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Clinical application of a silk fibroin protein biologic scaffold for abdominal wall fascial reinforcement.

Clemens MW, Downey S, Agullo F, Lehfeldt MR, Kind GM, Palladino H, Marshall D, Jewell ML, Mathur AB, Bengtson BP - Plast Reconstr Surg Glob Open (2014)

Bottom Line: Indications, comorbid conditions, surgical technique, complications, and outcomes were evaluated.Procedures using an SBS included reinforcement of an abdominal-based flap donor site (31.2%), ventral hernia repair (53.2%), and abdominoplasty (15.6%).Procedure-specific outcome studies are warranted to delineate optimal patient selection and define potential device characteristic advantages.

View Article: PubMed Central - PubMed

Affiliation: Department of Plastic Surgery, MD Anderson Cancer Center, The University of Texas, Houston, Tex.; Department of Plastic Surgery, University of Southern California, Keck School of Medicine, Los Angeles, Calif.; Southwest Plastic Surgery, El Paso, Tex.; Paul L. Foster School of Medicine, Texas Tech University Health Sciences Center, El Paso, Tex.; Teleos Plastic Surgery, Pasadena, Calif.; Kind-Chang Plastic Surgery, California-Pacific Medical Center, San Francisco, Calif.; Marshall Cosmétique Center, Miami, Fla.; Division of Plastic Surgery, Oregon Health and Science University, Portland, Ore.; Bengtson Center for Aesthetics and Plastic Surgery, Grand Rapids, Mich.; Michigan State University, Grand Rapids, Mich.

ABSTRACT

Background: Preclinical studies have demonstrated that macroporous silk fibroin protein scaffolds are capable of promoting physiologically durable supportive tissue, which favors application of these engineered tissues for clinical implantation. The safety and effectiveness of a long-lasting, transitory, 510(k)-cleared purified silk fibroin biologic scaffold (SBS) are investigated for soft-tissue support and repair of the abdominal wall.

Methods: We conducted a multicenter retrospective review of all consecutive patients who underwent abdominal wall soft-tissue reinforcement with an SBS device between 2011 and 2013. Indications, comorbid conditions, surgical technique, complications, and outcomes were evaluated.

Results: We reviewed the records of 172 consecutive patients who received an SBS for soft-tissue support. Of those, 77 patients underwent abdominal wall fascial repair, with a mean follow-up of 18.4 ± 7.5 months. Procedures using an SBS included reinforcement of an abdominal-based flap donor site (31.2%), ventral hernia repair (53.2%), and abdominoplasty (15.6%). The overall complication rate was 6.5%, consisting of 2 wound dehiscences, 1 with device exposure, 1 seroma, 1 infection with explantation, and a perioperative bulge requiring reoperation. There were no reports of hernia.

Conclusions: Postoperative complication rates after 18 months were low, and most surgical complications were managed nonoperatively on an outpatient basis without mesh removal. To our knowledge, this is the only series to report on a long-lasting, transitory SBS for abdominal wall repair and reinforcement. Procedure-specific outcome studies are warranted to delineate optimal patient selection and define potential device characteristic advantages.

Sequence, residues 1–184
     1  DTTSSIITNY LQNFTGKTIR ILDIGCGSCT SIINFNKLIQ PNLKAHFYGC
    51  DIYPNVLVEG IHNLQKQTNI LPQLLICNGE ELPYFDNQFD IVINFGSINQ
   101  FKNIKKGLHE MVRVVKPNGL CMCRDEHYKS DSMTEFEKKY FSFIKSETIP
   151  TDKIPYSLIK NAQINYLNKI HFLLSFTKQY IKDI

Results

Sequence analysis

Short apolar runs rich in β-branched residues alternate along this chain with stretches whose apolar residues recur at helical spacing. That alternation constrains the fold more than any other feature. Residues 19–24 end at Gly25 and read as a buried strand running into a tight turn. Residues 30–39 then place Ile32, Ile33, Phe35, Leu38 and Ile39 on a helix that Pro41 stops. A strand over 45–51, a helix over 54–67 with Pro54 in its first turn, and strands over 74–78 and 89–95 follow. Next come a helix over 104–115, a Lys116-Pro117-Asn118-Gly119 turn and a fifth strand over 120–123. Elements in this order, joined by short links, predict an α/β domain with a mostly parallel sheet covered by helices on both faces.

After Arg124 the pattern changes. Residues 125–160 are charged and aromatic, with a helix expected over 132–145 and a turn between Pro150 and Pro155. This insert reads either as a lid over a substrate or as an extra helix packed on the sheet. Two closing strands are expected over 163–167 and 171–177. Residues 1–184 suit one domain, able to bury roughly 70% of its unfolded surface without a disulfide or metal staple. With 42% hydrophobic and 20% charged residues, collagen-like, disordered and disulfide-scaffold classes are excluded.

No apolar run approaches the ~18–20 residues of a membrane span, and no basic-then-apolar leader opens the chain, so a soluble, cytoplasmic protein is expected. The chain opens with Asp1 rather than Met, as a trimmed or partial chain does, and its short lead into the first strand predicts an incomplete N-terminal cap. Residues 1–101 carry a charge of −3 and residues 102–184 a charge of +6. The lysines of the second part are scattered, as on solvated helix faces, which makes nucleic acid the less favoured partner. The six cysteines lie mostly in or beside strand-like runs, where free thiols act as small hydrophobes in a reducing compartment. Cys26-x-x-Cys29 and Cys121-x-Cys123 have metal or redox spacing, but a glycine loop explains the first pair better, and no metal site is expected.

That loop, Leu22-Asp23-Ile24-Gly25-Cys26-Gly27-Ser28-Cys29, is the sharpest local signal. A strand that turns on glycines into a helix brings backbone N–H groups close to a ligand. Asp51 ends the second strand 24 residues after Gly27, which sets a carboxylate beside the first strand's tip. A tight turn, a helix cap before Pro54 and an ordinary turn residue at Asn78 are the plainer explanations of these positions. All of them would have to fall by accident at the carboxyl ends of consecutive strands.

No MeSH data available.


Related in: MedlinePlus

TRAM flap donor site with mesh interposition reinforcement: Patient was a 64-year-old morbidly obese (BMI, 38) woman (A and B) who presented with recurrent right breast cancer with previous breast-conserving therapy and external-beam radiotherapy to the right chest wall. A right mastectomy was performed with immediate MS-2 free TRAM flap reconstruction and contralateral breast reduction. C, An 8 × 10 cm silk fibroin scaffold was used as an interposition mesh (C) to reinforce complete fascial closure of the abdominal donor site (D). Postoperative course was uncomplicated as seen at 1 year (E and F).
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Figure 2: TRAM flap donor site with mesh interposition reinforcement: Patient was a 64-year-old morbidly obese (BMI, 38) woman (A and B) who presented with recurrent right breast cancer with previous breast-conserving therapy and external-beam radiotherapy to the right chest wall. A right mastectomy was performed with immediate MS-2 free TRAM flap reconstruction and contralateral breast reduction. C, An 8 × 10 cm silk fibroin scaffold was used as an interposition mesh (C) to reinforce complete fascial closure of the abdominal donor site (D). Postoperative course was uncomplicated as seen at 1 year (E and F).

Mentions: Abdominal flap donor-site reinforcement was performed in 24 women with complete fascial closure of the defects (Fig. 2). The patients’ mean age was 54 years (range, 31–64), and their mean body mass index was 30.1 ± 3.6 kg/m2. Soft-tissue flaps raised from the abdomen were classified as DIEP (37.5%), muscle-sparing (MS)-2 TRAM (45.8%), MS-1 TRAM (8.3%), or VRAM (8.3%).41 The type of repair was reported as either interposition (57.1%) or onlay (42.8%) for placement of SBS reinforcement of fascial repair. The mean area of mesh used was 65.8 cm2 (range, 45–70 cm2) for interposition placement and 232.8 cm2 (range, 180–250 cm2) for onlay placement. For abdominal donor sites, all patients received 2 drains that were placed subcutaneously and completely removed at a mean of 10.2 days (SD ± 3.2 days).